ebay only? Any chance we can buy direct? Im interested in an assembled rgb version. Are you planning on including an av jack for that (I recommend the din or mini din 8s that neo geos use - a lot of cabling is already available for that).

 

I can list previous sales if you need some sort of verification.

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I'm working on finishing a complete (enclosed) Super 8 RGB system. I'll be using that blue AG-85 case pictured in an earlier post I made.

I have a some DIN 8 connectors I was going to use for RGB out, with Genesis pinout. I'll have about 8 hours labor in this system, so I'm thinking about $530 for this system when it's complete.

 

I would rather sell direct because of ebay fees. PM me if you're interested.

 

I can build to order with some options, such as:

LED color

IC socket type (standard or precision for PPU)

Sound adjustment trimmers (screw adjust or knob)

On board PTH 08080 regulator or (cheaper) external regulator board

 

I have several RGB PPUs on hand I can include with these early systems. Once my stock of CPU / PPU chips runs out, I will only offer the boards without them.

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I never made a schematic, I just used a list of the required connections I attached with my second post. I used a NES schematic by Electronix but had to fix some errors by checking a NES circuit board.

 

I used Pad2pad software and PCB manufacturing. The software is easy to use and free but you have to use Pad2pad to make the boards with this software.

 

More Youtube videos

 

Super 8 v1.1 in Polycase AG-85

Super 8 v1.1 PCB info: http://www.youtube.com/watch?v=DeUKCWg8vy0

post-31751-0-75866200-1357353380_thumb.jpg

Edited by low_budget
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This thing is awesome. I'd love to hear audio recordings directly from it using either stereo or mono. Also did you wire up something that lets you inject the audio from famicom carts with added audio chips / the powerpak? I'd like to hear how everything sounds. I'm also curious what audio circuit you used but if you don't want to post it that's totally cool.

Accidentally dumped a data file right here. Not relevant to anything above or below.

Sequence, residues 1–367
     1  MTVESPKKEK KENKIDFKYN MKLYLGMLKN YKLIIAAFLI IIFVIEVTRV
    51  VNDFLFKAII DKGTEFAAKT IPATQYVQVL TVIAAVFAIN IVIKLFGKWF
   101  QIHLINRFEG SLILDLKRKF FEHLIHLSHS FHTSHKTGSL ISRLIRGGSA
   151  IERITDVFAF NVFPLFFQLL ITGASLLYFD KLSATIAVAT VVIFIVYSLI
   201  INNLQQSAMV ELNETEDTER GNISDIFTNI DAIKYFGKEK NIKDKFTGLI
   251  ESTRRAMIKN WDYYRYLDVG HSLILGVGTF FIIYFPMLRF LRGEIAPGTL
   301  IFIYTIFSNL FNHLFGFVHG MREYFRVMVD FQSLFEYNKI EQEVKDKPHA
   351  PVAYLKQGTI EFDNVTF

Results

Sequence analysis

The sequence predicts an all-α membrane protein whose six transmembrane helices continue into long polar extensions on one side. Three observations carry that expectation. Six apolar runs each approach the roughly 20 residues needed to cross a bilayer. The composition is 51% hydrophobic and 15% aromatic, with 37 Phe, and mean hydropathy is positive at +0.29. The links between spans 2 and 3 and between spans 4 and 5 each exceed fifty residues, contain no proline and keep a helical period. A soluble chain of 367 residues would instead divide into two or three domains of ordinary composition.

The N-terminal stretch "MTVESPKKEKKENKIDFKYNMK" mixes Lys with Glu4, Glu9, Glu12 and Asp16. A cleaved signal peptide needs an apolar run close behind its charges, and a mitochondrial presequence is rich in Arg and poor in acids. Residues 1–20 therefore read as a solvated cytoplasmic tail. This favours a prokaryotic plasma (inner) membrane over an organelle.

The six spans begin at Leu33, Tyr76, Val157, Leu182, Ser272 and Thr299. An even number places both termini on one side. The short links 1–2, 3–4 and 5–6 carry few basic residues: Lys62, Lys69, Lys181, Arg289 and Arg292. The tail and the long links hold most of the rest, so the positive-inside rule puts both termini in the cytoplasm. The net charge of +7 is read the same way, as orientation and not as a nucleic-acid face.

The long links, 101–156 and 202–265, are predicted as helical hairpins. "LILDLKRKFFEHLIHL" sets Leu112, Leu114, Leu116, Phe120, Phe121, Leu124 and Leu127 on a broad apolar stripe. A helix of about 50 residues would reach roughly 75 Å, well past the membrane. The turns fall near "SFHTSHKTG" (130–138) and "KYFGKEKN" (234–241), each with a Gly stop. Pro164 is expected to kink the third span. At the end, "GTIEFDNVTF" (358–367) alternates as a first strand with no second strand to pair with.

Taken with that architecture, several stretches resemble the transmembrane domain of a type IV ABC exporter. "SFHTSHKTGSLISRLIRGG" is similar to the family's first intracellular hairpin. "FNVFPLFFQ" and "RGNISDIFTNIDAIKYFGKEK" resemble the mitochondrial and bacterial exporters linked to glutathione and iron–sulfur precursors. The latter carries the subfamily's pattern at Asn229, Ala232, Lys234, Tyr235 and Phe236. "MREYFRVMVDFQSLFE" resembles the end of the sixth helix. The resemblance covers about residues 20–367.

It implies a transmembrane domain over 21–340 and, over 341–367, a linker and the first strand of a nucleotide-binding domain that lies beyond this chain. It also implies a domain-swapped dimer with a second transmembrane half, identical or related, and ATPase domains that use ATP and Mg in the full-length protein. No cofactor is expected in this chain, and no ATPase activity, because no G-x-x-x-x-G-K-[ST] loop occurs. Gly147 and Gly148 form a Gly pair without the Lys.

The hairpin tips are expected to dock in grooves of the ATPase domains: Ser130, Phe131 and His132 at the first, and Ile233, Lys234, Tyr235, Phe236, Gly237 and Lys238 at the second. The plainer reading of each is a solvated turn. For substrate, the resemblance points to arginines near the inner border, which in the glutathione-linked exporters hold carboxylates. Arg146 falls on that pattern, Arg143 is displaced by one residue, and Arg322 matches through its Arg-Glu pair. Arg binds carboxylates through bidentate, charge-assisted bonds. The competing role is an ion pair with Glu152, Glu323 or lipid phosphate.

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Just a quick update:

 

Last night I tried a 74LS373 and LS139 (like in original NES) in place of the 74HC373 and 74HC139, and the composite PPU video was much better. No more graphics glitches in Super C. The RGB version of the Super 8 will keep the HC chips for PowerPak compatibility.

 

Known bugs as of 1/12:

Punch Out and Mike Tyson's Punch Out have graphics glitches (with the enemy fighter.)

Super Mario 3 has occasional screen rolling (with composite PPU only)

Composite video is black and white on older CRT TVs (with composite PPU only.)

 

I tried eliminating the Q1 amplifier in the sync line of the RGB version, and picture was the same. So it doesn't seem necessary but it doesn't hurt either when using RGB.

 

That is all for now.

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Using a regular NES game, composite PPU, and one NES controller, does this board draw less power than a stock NES? I would imagine signifiantly less as the whole thing is smaller with less trace, and a few parts left out. If the saving is great, there might be some interest in making a portable NES system.

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I ordered white and blue AG-85 cases and a ZN-45 as well to try out.

I've been working on getting some complete RGB NES Super 8 systems ready, as well as assembled PCBs. I also wrote up some install instructions for the assembled PCBs.

 

I attached some reference material I compiled before designing the PCB. I didn't use a schematic directly, I made a list of the required connections and worked off that. The schematics for the RGB amp, sync cleaner, and audio amp are based off their datasheets.

 

I haven't measured power draw, but I imagine it would be much less due to the modern logic and memory chips as well as the switching regulator.

 

I have some systems on eBay now or I can be contacted directly.

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NES Super 8 v1.1 final assembly.rtf

NES Wire Connections.rtf

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post-31751-0-80159900-1359750579_thumb.jpg